Advanced Volatile Threats (AVTs) are memory-resident, RAM-based attacks. The method of attack is not new, but they are making a resurgence. They have recently been renamed Advanced Volatile Threats as a variation of the term Advanced Persistent Threats however these attacks are decidedly more short-term and far more stealthy in comparison to APTs.
AVTs are random access memory-based attacks. They can be deployed through a drive-by download and exist only in RAM memory. In this sense they are real-time attacks. AVTs are not persistent in that they disappear without a trace as soon as the PC is turned off, or as soon as they stop running, whichever occurs first.
As there is no corresponding file saved on disc, AVTs are very difficult to detect. Conventional antivirus technology analyses stored applications and will not identify AVTs. It is this detection difficulty which makes AVTs a dangerous threat and attractive to malware developers. If the malware remains undetected, the attacker is not identified. Recently we have seen much press about attacks attributed to the Chinese and traced back to APT1, the Chinese military unit which conducted the attacks and even the actual building where the attackers are thought to be based. AVTs have a far greater likelihood of remaining undetected, thus protecting the identity of the attacker.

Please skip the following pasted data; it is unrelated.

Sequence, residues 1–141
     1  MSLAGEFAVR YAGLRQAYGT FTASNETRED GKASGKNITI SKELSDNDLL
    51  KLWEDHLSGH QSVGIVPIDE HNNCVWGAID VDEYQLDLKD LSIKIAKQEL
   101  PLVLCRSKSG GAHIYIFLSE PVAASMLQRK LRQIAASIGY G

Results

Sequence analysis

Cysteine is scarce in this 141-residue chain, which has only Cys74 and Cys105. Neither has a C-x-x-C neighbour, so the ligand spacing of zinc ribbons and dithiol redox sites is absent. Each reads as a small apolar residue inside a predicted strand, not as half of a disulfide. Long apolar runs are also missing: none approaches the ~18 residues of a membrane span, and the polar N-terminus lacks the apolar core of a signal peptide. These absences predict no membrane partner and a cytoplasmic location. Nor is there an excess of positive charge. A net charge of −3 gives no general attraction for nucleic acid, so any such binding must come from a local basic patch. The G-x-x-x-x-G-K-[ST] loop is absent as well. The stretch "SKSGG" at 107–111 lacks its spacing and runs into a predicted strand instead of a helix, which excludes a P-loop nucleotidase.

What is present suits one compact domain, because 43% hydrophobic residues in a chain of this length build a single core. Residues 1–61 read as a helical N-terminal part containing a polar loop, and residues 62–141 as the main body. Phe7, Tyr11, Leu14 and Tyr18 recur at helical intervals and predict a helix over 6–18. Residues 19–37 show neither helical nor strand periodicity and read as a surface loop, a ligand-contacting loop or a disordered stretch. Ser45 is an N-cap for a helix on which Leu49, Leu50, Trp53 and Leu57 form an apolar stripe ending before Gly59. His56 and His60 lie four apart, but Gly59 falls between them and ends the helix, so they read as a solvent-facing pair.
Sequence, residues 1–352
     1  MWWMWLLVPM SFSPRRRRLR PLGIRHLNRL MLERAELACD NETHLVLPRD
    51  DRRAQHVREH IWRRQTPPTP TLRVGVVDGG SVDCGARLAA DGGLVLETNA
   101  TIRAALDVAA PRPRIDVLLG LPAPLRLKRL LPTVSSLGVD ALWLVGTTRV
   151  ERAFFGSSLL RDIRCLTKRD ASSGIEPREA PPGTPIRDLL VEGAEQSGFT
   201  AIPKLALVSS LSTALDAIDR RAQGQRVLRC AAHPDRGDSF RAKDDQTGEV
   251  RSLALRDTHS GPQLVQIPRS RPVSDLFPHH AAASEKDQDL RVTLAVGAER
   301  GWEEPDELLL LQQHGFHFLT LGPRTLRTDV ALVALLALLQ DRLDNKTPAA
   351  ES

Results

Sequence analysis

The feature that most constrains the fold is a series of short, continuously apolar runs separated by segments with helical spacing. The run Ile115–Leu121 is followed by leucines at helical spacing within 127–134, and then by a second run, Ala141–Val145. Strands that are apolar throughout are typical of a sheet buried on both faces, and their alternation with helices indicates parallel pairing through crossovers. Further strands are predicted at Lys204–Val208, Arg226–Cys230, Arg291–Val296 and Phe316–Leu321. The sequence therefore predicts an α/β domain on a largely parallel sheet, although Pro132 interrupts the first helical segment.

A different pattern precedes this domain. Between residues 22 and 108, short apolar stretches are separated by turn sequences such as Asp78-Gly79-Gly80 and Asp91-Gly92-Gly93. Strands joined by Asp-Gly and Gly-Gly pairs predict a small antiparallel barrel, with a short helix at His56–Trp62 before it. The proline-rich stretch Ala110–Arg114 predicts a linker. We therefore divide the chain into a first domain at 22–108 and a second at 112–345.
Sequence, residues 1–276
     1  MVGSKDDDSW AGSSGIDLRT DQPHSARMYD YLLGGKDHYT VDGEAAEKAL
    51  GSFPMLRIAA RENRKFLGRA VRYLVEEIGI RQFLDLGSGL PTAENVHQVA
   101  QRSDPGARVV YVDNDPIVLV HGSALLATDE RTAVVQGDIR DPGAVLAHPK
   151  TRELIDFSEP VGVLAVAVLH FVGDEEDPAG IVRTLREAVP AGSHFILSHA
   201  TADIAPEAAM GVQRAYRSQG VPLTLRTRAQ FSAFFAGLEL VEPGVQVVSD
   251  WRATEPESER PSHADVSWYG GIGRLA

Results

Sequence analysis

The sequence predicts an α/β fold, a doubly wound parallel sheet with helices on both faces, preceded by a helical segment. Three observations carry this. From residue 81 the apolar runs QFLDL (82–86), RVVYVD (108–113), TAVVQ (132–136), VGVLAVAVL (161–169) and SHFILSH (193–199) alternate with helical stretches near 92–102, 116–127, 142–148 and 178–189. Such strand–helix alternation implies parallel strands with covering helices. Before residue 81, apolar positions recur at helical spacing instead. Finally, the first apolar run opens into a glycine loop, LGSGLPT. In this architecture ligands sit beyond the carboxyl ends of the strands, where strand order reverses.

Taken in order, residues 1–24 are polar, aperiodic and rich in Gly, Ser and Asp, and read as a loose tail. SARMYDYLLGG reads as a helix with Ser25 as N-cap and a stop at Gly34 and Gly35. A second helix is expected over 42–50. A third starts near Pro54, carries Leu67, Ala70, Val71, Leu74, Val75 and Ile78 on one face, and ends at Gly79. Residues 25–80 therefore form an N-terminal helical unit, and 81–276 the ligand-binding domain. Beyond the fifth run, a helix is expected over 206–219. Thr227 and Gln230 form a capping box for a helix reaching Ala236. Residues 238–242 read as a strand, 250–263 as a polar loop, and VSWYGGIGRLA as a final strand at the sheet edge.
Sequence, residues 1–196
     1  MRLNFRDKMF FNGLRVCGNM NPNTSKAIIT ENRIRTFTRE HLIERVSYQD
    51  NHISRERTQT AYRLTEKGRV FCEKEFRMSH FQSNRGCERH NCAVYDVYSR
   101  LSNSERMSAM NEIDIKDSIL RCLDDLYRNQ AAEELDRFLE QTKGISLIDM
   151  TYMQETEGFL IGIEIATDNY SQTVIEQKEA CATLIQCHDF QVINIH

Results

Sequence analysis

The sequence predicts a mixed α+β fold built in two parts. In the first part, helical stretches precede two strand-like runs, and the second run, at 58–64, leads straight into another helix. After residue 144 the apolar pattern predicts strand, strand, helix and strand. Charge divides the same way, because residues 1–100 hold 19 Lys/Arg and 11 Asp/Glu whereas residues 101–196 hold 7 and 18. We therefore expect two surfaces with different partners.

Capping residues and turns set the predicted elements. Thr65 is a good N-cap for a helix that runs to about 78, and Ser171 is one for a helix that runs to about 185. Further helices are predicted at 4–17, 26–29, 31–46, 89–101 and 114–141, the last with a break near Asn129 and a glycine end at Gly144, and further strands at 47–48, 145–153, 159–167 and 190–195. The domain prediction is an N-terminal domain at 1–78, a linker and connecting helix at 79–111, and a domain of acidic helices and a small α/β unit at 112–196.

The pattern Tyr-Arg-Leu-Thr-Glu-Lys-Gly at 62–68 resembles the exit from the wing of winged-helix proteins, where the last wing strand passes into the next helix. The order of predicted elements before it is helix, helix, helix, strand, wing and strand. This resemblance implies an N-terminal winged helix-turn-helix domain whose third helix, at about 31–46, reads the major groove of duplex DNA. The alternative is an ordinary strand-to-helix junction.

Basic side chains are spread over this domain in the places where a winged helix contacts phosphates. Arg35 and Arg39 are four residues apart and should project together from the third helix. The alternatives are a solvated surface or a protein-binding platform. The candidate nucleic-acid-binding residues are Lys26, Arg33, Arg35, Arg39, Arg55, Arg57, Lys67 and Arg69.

It is due to this ability to remain hidden that we are seeing AVTs becoming more prevalent now – accounting for up to 10% of current attacks according to security vendor Triumfant who were responsible for the re-naming of AVTs. However, it would be impossible to know how many AVT attacks have gone unnoticed, the proportion could be far higher than 10%. Memory-resident attacks are used for corporate espionage where the attacker wants to go in, steal the proprietary information, and then escape detection. Triumfant maintain that AVTs are currently being used by the Chinese, Iranians and Russians for corporate espionage.
The Meterpreter (The Meta-Interpreter) is used to launch an AVT. It is a simple-to-use exploitation tool included as part of the Metasploit Framework. It allows developers to write their own dll file that can be injected into a running process on the target computer. More information about the Metasploit Framework is here.
As conventional AV file scanning methods will not identify AVTs, RAM-monitoring techniques will be required to detect an AVT attack in real-time.